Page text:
Artificial intelligence (AI) is everywhere: from asking Alexa for the headlines to hailing a taxi with a ride-share app, we can’t escape it. Things are possible that weren’t before – and it’s not just within our personal lives. The possibilities for eye care are ever-expanding, too, as evidenced by the collaboration between Google DeepMind and Moorfields Eye Hospital. Over a million eye scans were examined and, as a result, an algorithm has been developed that can detect early signs of age-related macular degeneration (AMD) and diabetic retinopathy. In High Street practice, optical coherence tomography (OCT) is becoming increasingly commonplace and auto-refraction is actively being used in primary care in other countries.
There seems to be two camps in the sector now: one is a bit apprehensive of technology and the effects it may have; the other is keen to embrace it as much as possible. One thing the groups have in common is the need to think about how they can make sure they ensure patient safety when using technology in accordance with the Standards of Practice. As is true in most cases, keeping up with the Standards of Practice is easy if you give it some thought – and doing so in relation to technology and AI is no exception. Here are the GOC Standards team’s three top tips for practitioners to think about:
1. “Communication is always key”
Patients rightly expect good communication from healthcare professionals so that they can understand what’s happening to them and be able to make decisions about it. If part of their care or treatment is to be provided by a machine instead of a person, for example, providing a bit more information than usual about what to expect, in a way that the patient understands would be sensible. Remember that under 2.2 of the Standards of Practice it is expected that “patients should know in advance what to expect from the consultation and have the opportunity to ask questions or change their mind before proceeding.”
“Auto-refraction is actively being used in primary care in other countries”
In other circumstances, patients might have to use technology or AI themselves as part of the care delivery process – for example, if they are participating in a video consultation or using interactive tools online. In these circumstances, it is worth remembering 2.5 of the Standards of Practice: “Ensure that patients or their carers have all the information they need to be able to safely use, administer or look after any optical devices, drugs or other treatment that they have been prescribed or directed to use to manage their eye conditions. This includes being actively shown how to use any of the above.”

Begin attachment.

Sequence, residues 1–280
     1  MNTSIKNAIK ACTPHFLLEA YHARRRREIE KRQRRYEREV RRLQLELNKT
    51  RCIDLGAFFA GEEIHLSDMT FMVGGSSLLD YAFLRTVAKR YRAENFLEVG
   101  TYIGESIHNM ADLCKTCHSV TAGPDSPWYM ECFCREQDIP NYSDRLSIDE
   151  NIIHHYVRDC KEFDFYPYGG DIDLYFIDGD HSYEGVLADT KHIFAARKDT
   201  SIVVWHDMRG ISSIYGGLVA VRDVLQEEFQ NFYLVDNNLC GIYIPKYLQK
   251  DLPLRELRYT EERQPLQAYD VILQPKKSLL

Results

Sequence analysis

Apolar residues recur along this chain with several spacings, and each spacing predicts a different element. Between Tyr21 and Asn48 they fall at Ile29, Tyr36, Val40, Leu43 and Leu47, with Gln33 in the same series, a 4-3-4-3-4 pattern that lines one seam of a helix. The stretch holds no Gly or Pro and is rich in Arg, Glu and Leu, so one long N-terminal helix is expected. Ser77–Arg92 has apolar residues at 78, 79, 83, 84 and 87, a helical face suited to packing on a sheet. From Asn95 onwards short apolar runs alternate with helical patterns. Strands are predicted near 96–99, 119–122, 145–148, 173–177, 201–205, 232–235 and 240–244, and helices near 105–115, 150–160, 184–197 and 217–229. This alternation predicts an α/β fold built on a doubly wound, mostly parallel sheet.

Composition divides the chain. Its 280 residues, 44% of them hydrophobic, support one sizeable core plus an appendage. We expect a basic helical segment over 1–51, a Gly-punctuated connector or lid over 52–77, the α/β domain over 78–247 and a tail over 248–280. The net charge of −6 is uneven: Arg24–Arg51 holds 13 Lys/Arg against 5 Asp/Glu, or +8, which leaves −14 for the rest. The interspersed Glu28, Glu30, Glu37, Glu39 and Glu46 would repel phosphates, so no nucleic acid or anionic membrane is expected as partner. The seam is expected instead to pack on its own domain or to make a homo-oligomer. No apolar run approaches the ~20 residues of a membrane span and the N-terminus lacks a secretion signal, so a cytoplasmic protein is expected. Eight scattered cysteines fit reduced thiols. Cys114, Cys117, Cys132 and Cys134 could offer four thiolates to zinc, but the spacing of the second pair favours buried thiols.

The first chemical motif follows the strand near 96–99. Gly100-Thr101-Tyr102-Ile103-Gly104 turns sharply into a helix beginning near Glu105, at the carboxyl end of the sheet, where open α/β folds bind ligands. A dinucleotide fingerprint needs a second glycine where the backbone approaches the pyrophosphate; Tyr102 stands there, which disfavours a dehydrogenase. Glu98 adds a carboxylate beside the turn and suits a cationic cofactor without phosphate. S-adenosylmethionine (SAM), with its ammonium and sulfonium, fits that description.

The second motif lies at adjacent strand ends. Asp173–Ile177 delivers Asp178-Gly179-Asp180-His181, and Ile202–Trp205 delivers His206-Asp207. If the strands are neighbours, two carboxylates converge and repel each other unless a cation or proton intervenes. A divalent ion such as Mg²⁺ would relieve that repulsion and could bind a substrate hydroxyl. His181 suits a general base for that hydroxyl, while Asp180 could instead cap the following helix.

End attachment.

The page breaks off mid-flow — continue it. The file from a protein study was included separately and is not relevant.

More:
Making sure that patients understand what is going to happen to them is a crucial part of obtaining valid consent (3.1). This would also be important if you are considering using patient information to inform an algorithm or as part of a research project; talk to the patient and explain what their information will be used for and why.
2. “Only use it if you understand it”
Of course, explaining to patients about what AI, or technological interventions, involve, only works if you understand it yourself. It’s worth being mindful of 5.1 (“Be competent in all aspects of your work… and do not perform any roles in which you are not competent”) and 6.1 (“Recognise and work within the limits of your scope of practice, taking into account your knowledge, skills and experience”). You don’t need to be an expert in technology; being able to understand and explain what the technology does, and its limits will in many cases be appropriate.
“Explaining to patients about what AI, or technological interventions involve, only works if you understand it yourself”
3. “Even technology has limits”If you are undertaking a video consultation, for example, as opposed to a more traditional “in person” consultation, there will be certain things that you cannot do, and therefore limits to the care that you can provide. In 7.3 of the Standards of Practice, it states that you should only prescribe optical devices, drugs, or treatment when you have adequate knowledge of the patient’s health, which may not always be the case in the absence of a physical examination. Being aware of limitations and communicating these to patients so that they do not have unrealistic expectations, will help things run smoothly.
Technology has the potential to greatly enhance the provision of eye care, if registrants remember their responsibilities under the Standards of Practice when using it. The GOC has been mindful of this in developing new Standards for Optical Businesses, due to come into effect on 1 October 2019, which explicitly reference the use of software and emerging technologies and can be applied to businesses offering remote or online care.
The GOC’s Standards for Optical Businesses is available on the regulator’s website.
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